Interest Only Loans

Interest Only Loans


For decades, Australian property investors have relied on Interest Only loans. What is an Interest Only loan, and why have they been the preference for investors?

Loans usually have two repayment options, Principal and Interest (P&I), or Interest Only (IO). P&I repayments are calculated to ensure that you pay off the loan balance (principal) as well as the interest incurred each month so that you pay the loan to zero by the end of the loan term, usually 30 years.

Interest Only repayments, however, may generally be chosen for a period of 1-5 years. During this period, the principal does not reduce at all, as you only pay the interest incurred.

Let’s say you have a 30 year term, and a 5 year interest only term. For the first 5 years you will only pay the interest each month. Once that finishes, you are expected to pay the principal and interest over the remaining 25 years. Although many property investors have continued to refinance to extend the IO period when it expires, effectively remaining on IO terms for longer.

This has been a common property portfolio growth strategy because the principal portion of P&I repayments is not tax deductible, whereas the interest is. By maintaining a higher loan balance, investors have been maintaining a higher tax deduction and reducing their cashflow output.

Using this strategy, investors can use an Offset account to build additional savings which can then be used towards future property purchases.

In 2024, is this strategy still relevant?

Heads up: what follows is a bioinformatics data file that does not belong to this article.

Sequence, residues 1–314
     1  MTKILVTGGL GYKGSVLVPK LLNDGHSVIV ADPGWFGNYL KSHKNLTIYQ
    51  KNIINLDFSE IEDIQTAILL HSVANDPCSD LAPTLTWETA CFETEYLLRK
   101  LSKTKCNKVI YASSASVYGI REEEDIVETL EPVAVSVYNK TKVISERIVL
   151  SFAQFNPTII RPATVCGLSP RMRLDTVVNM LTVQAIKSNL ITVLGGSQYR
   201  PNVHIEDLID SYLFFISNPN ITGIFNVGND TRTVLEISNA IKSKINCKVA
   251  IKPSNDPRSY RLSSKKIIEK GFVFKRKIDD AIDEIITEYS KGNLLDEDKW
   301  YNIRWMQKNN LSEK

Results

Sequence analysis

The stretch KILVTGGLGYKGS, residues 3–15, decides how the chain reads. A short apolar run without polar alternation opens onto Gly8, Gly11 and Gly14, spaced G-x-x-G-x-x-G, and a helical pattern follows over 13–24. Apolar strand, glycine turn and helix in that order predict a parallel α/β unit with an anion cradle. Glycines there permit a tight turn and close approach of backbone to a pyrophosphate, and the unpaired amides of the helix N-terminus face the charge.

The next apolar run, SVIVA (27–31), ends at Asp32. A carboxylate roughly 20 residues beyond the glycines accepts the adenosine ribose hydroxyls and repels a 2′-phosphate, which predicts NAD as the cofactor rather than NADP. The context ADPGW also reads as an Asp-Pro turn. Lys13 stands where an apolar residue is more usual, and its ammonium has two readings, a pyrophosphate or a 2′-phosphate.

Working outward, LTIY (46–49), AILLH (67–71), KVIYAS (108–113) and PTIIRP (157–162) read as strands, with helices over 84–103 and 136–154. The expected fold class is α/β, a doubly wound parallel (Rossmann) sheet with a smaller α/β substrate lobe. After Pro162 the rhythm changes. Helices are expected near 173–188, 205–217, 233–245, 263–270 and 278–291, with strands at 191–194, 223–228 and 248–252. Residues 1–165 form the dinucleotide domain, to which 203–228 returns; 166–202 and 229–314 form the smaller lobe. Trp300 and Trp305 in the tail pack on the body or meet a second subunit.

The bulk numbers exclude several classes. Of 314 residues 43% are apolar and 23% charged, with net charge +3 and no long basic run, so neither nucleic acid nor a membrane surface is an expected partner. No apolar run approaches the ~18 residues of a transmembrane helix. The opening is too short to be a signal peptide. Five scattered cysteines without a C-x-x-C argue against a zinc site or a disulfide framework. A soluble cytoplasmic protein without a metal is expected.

Firstly, interest only loans now have higher interest rates than principal and interest. This certainly can negate some of the benefit. Check out this speech from the RBA’s Assistant Governor in 2017 which explains how that came to be.

Secondly, prior to the abovementioned changes, servicing was calculated on the IO payments and did not factor in the higher P&I repayments. As a result of Responsible Lending implications, lenders now have to calculate your capacity to repay the loan at P&I repayments over the remaining term, reducing your maximum loan amount.

Finally, this strategy relies heavily on market growth. Australian property prices have boomed in the last 5 years, but is that sustainable? Can we expect it to continue in the future?

The risk is that property prices stagnate (or worse = decline), and you find yourself in a position with no more equity (or worse = negative equity). This can impact your future plans to grow your portfolio.

When the 5 year term expires, you will be faced with higher repayments or the need to refinance to extend the IO period. If your financial position changes, or your borrowing capacity decreases due to external factors like policy or increased interest rates, the option to refinance to extend may not be available.

Key Considerations for Interest Only Strategy


  1. Do you understand and accept the risks with this strategy?
  2. Do you want to pay a higher interest rate?
  3. Do you have the capacity and discipline to build savings in an offset?
  4. Do you want to leave the equity increase in the hands of the property market?
  5. Would you benefit from financial planning advice regarding the strategy?
Alternative to Interest Only Strategy


The alternative strategy to Interest Only repayments is to use Principal and Interest repayments to reduce the loan, therefore building equity in a controlled manner, and then using the equity to invest further. The interest portion of your repayments remains tax deductible, and your loan is steadily decreasing with the end game of passive income.

Let’s do a side-by-side comparison.

Assume a property purchase of $500,000 and a loan amount of $400,000 to give us a nice tidy 80% LVR. We’ll assume market growth of 5% per year.





Interest rate








Equity after 5 Yrs




Interest payable 30 Yrs




In this example, while your monthly repayment is almost $300 less for Interest Only, you pay considerably more interest over the life of the loan.

As is the case with these strategies, they will suit some investors more than others. The most important thing is that you understand the pros and cons of the Interest Only strategy and how it fits within your unique financial position.

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